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Serving: OH
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BEGINNING FARMER SUPPORT: As the average age of the Ohio farmer increases, the need to support the next generation of farmers becomes more critical, according to OSA.

Ohio bill would provide support for beginning farmers

HB 183 would provide state income tax credits.

A bipartisan effort to create incentives to support new and beginning farmers is gaining traction and broad support in the Ohio Legislature.

The Ohio Soybean Association recently testified before the Ohio House Agriculture and Rural Development Committee in support of House Bill 183.

“The average age of farmers in Ohio increased from 54.6 in 2012 to 55.8 in 2017,” said Trish Cunningham, OSA Policy Committee chair who testified on behalf of OSA. “As this increases, the need to support the next generation of farmers becomes more critical.”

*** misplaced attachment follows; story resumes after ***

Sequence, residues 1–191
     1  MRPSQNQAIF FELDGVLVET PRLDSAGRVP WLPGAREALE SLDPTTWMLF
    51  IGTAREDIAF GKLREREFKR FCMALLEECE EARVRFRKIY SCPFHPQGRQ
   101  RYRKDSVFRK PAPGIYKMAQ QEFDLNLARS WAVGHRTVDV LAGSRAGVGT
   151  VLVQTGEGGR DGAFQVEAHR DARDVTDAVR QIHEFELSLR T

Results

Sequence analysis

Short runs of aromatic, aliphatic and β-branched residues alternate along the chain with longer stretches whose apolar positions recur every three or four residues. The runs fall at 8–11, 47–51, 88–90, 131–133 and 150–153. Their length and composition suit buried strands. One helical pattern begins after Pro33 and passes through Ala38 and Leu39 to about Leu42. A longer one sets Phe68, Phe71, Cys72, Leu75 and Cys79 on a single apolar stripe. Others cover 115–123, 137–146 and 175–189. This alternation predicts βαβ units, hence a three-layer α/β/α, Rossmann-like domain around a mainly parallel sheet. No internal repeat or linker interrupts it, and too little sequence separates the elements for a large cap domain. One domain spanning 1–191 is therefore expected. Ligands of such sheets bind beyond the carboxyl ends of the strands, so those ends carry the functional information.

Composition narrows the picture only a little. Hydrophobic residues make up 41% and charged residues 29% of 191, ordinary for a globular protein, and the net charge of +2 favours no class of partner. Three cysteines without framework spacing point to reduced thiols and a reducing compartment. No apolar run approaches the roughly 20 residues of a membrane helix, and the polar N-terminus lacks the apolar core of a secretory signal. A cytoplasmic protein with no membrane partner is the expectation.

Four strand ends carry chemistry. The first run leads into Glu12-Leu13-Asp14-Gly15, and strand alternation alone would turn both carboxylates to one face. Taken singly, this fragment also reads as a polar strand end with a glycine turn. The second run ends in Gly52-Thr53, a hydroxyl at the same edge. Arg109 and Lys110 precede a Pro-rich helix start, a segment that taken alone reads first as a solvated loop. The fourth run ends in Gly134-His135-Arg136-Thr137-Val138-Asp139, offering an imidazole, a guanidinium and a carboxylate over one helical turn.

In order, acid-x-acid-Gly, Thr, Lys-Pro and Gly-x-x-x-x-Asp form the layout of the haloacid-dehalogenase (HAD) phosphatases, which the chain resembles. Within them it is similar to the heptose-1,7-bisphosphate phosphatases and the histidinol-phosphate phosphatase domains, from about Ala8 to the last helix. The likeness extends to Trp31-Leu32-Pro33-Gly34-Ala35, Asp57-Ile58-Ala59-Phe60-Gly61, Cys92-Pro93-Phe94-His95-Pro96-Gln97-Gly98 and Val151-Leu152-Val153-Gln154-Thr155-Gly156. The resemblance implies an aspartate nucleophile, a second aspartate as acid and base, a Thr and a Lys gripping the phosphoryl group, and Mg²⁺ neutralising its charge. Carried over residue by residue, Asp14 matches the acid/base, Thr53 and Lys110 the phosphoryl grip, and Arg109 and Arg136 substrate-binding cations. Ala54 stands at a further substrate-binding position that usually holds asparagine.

Sponsored by Rep. Susan Manchester, R-Waynesfield, and Rep. John Patterson D-Jefferson, HB 183 will provide a state income tax credit to established farmers and agricultural producers that sell or rent assets such as land, machinery, building facilities and livestock to a beginning farmer. This credit is equivalent to 5% of the sale price, 10% of the cash rent, or 15% for a cash share deal.

It will also establish an income tax credit for new or beginning farmers who complete a financial management program.

A coalition of agriculture partners are supporting the current bill, which ensures these incentives are available when selling or renting to family members.

“This piece of legislation helps beginning farmers build equity, while also incentivizing landlords and/or farmers to lease or sell their property to new farmers. This could work well for farm families, as an aging generation looking to retire from their career can pass it on to someone to continue the legacy,” Cunningham said.

One of OSA’s policy priorities is to encourage funding for beginning farmers through young farmer incentives.

“We thank the bill’s sponsors for working on solutions in HB 183 that address some of the difficulties that new and beginning farmers face,” she said. “Agriculture is deeply rooted in Ohio, and this bill is a step toward continuing that tradition.”

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